Doc. dr. Iztok Urbančič

I am deeply fascinated how a bunch of molecules with distinct physico-chemical properties assembles into a wonderfully functioning unit of life – the cell – and how these orchestrate their response of a tissue, organ, or organism to external changes. I explore these mysteries with a biophysical approach and advanced optical microscopy techniques, which enable us to follow the processes in live cells. More at

Research programme: Experimental biophysics of complex systems and imaging in biomedicine
Training topic: Automation of advanced microscopies for efficient live-cell imaging

What do we do?

We know that living in polluted environment poses a great risk for our health, increasing the probability for cancer, pulmonary and cardiovascular conditions, as well as neurodegeneration, but the steps of disease development remain largely unknown. In the Laboratory of biophysics at the Jožef Stefan Institute ( we investigate the mechanisms of toxicity of inhaled particulate matter, micro- and nano-sized particles. Particularly we search for early events at the molecular and subcellular level, which depend on direct interaction of nanomaterial with biomolecules and cellular organelles. Detailed understanding of the mechanisms of the disease progression will allow us to shape more efficient methods for disease prevention, diagnostics, and treatment.

We image processes in live cells using advanced optical microscopy techniques, including super-resolution STED microscopy and spectroscopic modalities. We apply quantitative image analysis tools, including machine-learning based approaches, to extract numerical values, and develop computational models of disease progression that can serve for health-risk prediction. We work in close collaboration with the spin-out company Infinite Biotech ( and international partners from the EU project nanoPASS with complementary expertise in nanotoxicity on cellular and animal level, material science, environmental and workforce protection. Our ultimate goal is to develop fast and affordable alternative toxicity tests that will replace slow, expensive, and often unreliable animal-based assays.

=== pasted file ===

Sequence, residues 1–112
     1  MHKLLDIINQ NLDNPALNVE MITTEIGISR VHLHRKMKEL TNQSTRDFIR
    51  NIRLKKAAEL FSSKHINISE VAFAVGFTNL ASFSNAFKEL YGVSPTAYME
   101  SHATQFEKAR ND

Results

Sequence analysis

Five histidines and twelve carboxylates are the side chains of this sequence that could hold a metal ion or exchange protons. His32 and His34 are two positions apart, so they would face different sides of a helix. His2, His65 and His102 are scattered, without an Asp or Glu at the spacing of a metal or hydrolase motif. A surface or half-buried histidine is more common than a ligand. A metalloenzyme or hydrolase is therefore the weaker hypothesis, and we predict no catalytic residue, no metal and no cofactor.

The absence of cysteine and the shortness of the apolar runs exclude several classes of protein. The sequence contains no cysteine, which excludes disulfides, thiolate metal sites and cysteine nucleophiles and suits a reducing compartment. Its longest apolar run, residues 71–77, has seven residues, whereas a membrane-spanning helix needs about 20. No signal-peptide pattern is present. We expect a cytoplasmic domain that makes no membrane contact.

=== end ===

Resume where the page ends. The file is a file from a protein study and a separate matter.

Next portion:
What will you do?

To decipher cell-cell interactions after exposure to different types of nanoparticles, we need to acquire lots of images of the dynamics processes. With classical microscopy, though, one needs to make a compromise between imaging speed, quality of acquired information, and the light dose delivered to cells: e.g. high-resolution imaging requires longer exposure times, lowering temporal resolution, and higher light intensities, which can be harmful to cells.

The main aim of your research will be to develop and use algorithms to control microscopes that will autonomously adapt the acquisition mode to the local scene: the microscope should decide where and when to image more frequently, at higher spatial resolution, or with additional spectroscopic modalities. These enhanced data will allow us to upgrade our understanding of cellular responses in the form of mathematical models.

To answer these questions, you will work with live cellular cultures, operate state-of-the-art optical microscopes, and perform quantitative image analysis. Depending on your background, which could be any field related to natural sciences or engineering, the main focus could be somewhat tuned to match your core strengths. However, you should be willing to work in an interdisciplinary team and eager to learn new skills from other fields. We expect high levels of motivation, integrity, and English communication skills.

If you are interested and would like to learn more or discuss anything, do get in touch.